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The Daily Dispatch: January 13, 1865., [Electronic resource], The late operations at Wilmington — the official reports. (search)
The late operations at Wilmington — the official reports. Naval Commandant's office,Wilmington, North Carolina,January 4, 1865. Hon. S. R. Mallory, Secretary of the Navy: Sir: The report of Lieutenant Chapman, of the incidents of the 24th and 25th ultimo, is so comprehensive as to render any further report unnecessary. The commendation which the officer serving at the battery and in the fort received from Lieutenant Chapman is merited. I deem it proper, though, to present to the notices of the Department the zeal manifested on the occasion of the attack by Lieutenants Armstrong and Dornin. These officers were here on the way to Charleston when the enemy appeared off the fort. They immediately volunteered to serve wherever they could be useful, and went with me to battery Buchanan. On the commencement of the bombardment they asked to be permitted to go to Lieutenant Roby's battery, whither they went through the fire of the enemy. They remained in the fort until the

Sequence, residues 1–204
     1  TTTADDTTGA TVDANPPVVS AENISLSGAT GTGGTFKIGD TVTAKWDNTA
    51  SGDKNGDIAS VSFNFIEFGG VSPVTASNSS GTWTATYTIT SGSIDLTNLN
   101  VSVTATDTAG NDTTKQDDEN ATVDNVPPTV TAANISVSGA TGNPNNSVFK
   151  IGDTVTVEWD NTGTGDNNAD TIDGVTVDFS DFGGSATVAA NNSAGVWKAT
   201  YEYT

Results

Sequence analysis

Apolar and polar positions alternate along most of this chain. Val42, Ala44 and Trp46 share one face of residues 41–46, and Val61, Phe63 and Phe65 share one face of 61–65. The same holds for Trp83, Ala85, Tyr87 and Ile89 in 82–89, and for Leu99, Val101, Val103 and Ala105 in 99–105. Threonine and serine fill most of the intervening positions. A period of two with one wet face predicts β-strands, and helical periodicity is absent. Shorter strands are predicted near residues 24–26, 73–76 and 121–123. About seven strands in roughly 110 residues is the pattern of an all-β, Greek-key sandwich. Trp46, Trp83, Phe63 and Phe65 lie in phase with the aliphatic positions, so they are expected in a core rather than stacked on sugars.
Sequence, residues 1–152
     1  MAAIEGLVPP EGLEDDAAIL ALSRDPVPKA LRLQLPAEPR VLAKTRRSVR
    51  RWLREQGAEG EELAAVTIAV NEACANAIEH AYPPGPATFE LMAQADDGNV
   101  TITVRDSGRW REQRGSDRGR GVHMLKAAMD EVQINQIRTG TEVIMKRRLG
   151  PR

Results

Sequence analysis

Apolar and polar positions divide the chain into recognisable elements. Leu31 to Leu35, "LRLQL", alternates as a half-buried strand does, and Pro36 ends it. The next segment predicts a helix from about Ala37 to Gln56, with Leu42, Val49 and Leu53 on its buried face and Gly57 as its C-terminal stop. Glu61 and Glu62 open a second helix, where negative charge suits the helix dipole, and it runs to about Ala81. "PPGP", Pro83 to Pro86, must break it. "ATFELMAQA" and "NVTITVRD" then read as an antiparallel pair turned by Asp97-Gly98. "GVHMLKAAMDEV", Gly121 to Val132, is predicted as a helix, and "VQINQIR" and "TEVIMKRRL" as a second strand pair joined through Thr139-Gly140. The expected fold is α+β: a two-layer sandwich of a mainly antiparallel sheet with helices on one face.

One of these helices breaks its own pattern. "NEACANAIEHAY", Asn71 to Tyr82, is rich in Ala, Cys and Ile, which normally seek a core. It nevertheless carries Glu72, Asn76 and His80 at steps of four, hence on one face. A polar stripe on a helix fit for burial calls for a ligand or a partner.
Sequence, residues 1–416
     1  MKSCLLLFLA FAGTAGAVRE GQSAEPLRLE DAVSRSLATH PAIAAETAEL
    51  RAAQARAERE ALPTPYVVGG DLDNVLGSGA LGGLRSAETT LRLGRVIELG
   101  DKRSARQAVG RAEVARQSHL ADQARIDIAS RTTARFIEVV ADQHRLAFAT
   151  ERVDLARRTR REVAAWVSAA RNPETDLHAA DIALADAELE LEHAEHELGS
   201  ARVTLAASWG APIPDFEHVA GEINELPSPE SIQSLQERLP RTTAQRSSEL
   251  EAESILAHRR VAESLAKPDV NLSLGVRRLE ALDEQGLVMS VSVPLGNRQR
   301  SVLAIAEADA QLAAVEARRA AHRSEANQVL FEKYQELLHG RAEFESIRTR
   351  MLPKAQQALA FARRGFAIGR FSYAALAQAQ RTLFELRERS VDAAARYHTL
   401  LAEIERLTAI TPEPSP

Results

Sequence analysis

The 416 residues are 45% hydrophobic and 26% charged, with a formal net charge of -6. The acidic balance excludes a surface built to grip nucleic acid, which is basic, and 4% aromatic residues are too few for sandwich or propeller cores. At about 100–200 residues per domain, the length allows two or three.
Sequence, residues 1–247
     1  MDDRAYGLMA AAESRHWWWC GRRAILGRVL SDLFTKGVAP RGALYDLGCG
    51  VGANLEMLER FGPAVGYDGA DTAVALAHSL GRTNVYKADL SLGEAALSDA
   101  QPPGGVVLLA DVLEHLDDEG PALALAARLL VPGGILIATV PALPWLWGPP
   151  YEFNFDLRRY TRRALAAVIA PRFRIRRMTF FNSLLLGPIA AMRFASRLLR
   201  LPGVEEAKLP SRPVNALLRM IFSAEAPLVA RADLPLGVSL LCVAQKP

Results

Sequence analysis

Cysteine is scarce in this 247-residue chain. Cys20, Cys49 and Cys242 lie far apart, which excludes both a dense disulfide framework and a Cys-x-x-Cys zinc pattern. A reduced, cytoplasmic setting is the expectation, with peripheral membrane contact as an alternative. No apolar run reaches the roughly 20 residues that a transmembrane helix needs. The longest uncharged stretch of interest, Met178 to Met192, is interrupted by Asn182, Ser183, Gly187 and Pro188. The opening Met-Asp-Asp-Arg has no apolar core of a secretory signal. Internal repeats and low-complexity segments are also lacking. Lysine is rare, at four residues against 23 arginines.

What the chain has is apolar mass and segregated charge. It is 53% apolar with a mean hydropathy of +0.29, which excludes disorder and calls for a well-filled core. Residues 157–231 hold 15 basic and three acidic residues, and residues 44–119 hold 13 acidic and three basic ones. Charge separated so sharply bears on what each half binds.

the people would only be made to do right by deceiving them, and dwelling at length upon the reasons which compelled him to vote against the proposed amendment of the Constitution, he concluded by stating that if the war should be brought to a close within a reasonable time, this great republic, with its immense resources, would spring into new life, and, under the blessed reign of peace, would ultimately shake off its burdens to repose of queen-like, among the nations of the earth. Mr. Mallory (Kentucky) said gentlemen might say what they choose about this joint resolution, but no one could deny that it proposed a radical change in the Government of the United States. It was not an expedient to end the rebellion and restore peace; but it was a blow aimed at the foundation of the Government of which he had so long been proud. In fact, it was to take from the States of the Union the power to regulate their own domestic institutions in their own way. He denied the power to do th